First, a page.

Love interest wise I enjoyed the way this story unfolded. It happened naturally and gradually throughout the plot not side tracking from her personal journey or the action of the story. The love interest was a strong and interesting character. I found his attraction to Trix believable and his behavior practical, yet still romantic in nature. He was neither too flat or over written, which I think helped him feel more real. The tension between Trix and her rival initiates and her budding friendships were all well-written and believable. The ending was a bit rushed for me but still well done with a satisfying conclusion. 
Overall I really enjoyed this book despite its unrealistic concept and society. I found it easy to read, and hard to put down. Intense from beginning to end with an ending that was both satisfying yet left you wondering what’s next, making you feel like you needed to pick up book two right away. I would give it five stars and recommend it to people like me who don't like Dystopian or young adult. It's the kind of book most anyone could get into. 

Movie Review: Only a few days after finishing the book I went and saw the movie adaptation of the book. First off the movie is well done overall and enjoyable. However, I have a few complaints. 

First, in typical Hollywood fashion they went and cast, Shailene Woodley a tall actress to play Beatrix, a short character. It's not a big deal that they didn't cast a blonde, although I do believe that people often perceive blondes as naive, innocent, weak, or simple-minded, so being blonde was a big part of the character in the book. What really bothers me is that they took a strong-willed, short woman role and gave it to someone tall when there are plenty of talented short blonde actresses out there who could've done a far better job. Not That Woodley was terrible or anything, I just found that her inability to embody the actual character of the book distracted from the film itself. Beatrix's height was a huge part of why her victory was so poignant in the book. She goes from being the weakest, smallest, and most likely to fail to the top initiate in her training. It's a huge accomplishment because everyone treats her like she's too weak to keep up. Because she has to overcome her physical limitations her struggle is more realistic, her triumph more rewarding. They took that away from the character when they made her tall, even taller than her best friend Christina, who was stronger and bigger than her in the book. Also, the fact that Beatrix in the book was of a similar build to mine made her more relate-able for me, and was a huge part of why I loved her character.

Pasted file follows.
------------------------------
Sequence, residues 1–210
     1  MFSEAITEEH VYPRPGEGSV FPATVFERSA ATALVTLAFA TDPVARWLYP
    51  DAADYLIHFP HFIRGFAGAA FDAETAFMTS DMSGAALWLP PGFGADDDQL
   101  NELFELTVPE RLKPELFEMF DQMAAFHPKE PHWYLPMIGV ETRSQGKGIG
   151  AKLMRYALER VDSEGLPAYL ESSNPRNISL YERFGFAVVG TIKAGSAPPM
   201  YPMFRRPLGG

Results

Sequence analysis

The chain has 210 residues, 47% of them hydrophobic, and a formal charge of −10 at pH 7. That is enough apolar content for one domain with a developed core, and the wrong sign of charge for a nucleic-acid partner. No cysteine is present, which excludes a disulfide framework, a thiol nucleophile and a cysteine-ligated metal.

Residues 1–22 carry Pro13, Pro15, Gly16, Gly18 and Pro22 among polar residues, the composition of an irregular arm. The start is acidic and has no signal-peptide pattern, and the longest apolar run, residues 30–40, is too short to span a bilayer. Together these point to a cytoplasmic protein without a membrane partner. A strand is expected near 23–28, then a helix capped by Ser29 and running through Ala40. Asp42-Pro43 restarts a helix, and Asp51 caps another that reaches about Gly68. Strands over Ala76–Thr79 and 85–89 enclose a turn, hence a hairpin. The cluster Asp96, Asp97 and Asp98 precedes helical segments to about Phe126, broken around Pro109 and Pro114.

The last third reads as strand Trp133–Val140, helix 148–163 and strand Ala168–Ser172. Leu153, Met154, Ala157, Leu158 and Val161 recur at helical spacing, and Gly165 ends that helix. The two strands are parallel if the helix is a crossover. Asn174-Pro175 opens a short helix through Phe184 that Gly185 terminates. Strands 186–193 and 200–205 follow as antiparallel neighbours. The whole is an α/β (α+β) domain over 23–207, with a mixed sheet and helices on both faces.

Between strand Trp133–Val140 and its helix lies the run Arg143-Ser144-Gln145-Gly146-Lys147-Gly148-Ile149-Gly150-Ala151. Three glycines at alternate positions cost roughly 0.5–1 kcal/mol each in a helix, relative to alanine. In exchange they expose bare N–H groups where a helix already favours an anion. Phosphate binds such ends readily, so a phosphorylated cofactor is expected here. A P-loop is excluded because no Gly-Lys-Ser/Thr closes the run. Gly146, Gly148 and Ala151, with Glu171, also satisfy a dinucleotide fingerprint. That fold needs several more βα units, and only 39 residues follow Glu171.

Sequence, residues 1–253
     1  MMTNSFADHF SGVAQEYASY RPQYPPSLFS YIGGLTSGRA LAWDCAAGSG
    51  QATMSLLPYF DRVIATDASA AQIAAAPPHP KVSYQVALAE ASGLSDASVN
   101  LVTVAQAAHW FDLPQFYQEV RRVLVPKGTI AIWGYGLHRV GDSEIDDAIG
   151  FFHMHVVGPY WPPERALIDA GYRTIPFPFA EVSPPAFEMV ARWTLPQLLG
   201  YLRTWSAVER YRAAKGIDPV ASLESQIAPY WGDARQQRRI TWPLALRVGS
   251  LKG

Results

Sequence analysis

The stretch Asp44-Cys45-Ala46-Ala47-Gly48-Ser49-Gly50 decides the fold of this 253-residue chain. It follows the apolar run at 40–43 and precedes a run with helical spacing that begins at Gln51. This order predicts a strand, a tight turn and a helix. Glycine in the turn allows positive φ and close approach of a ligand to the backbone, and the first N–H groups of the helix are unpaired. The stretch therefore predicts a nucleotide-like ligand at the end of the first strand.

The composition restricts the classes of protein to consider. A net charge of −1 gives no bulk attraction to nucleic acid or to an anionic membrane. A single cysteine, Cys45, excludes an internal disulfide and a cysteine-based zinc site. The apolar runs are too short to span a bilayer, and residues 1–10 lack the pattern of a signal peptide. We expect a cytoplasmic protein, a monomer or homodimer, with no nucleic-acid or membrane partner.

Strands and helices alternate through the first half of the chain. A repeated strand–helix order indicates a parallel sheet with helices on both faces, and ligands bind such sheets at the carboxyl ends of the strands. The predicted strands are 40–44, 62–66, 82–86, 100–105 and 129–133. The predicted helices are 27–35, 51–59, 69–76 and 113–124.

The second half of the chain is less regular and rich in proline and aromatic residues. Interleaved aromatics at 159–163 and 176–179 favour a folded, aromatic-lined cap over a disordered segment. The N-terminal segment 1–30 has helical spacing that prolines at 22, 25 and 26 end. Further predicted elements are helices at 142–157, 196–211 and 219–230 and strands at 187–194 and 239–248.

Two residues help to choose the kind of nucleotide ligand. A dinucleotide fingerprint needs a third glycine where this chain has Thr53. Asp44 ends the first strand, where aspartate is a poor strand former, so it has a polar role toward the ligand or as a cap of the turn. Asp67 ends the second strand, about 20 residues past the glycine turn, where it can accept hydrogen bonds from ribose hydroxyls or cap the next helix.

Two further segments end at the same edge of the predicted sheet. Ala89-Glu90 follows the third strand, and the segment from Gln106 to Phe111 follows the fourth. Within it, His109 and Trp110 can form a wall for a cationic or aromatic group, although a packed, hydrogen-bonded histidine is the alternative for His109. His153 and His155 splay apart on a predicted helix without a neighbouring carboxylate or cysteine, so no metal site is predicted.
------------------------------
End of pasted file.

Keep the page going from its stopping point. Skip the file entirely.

Second, they stayed pretty close to the book at first then went off on a completely different direction by the ending. In some ways this worked, in others it didn't. They also rushed through some vital scenes which made the story seem choppy. 

Third, they down played the villain characters, Eric and Peter, making them seem far less menacing then they had been in the book, losing their impact in the movie. They barely mentioned her friend, Albert, until later in the story so that when a key event happened it was less impactful because he wasn't as important to Beatrix. I also didn't like how they changed the relationship between Beatrix and her brother. When she goes to him for help in the book he was more considerate and understanding then he was in the movie. Also, he was key in helping solve the big mystery behind how the government would be overthrown in the book. In the movie he was not helpful at all, just a weak side character. 

Finally, the ending went off a little from where the book took it but ultimately gave us the same results with a Hollywood flare. In some ways I did like the movie ending better than the book. 

Overall the movie gets a four out of five star rating. Had they cast an actress better suited to the original character who had to overcome more and prove herself then I would've given it five stars. Otherwise the casting in the film was pretty spot on, with Theo James as the perfect Four, Ashley Judd and Tony Goldwyn as her parents, and Kate Winslet as the female villianess. The production value was excellent and it was all in all a descent adaptation. However, as is often the case, the book is definitely better than the film.

Now go forth, read the book watch the movie and have a great weekend! Till next time.

R.J. Craddock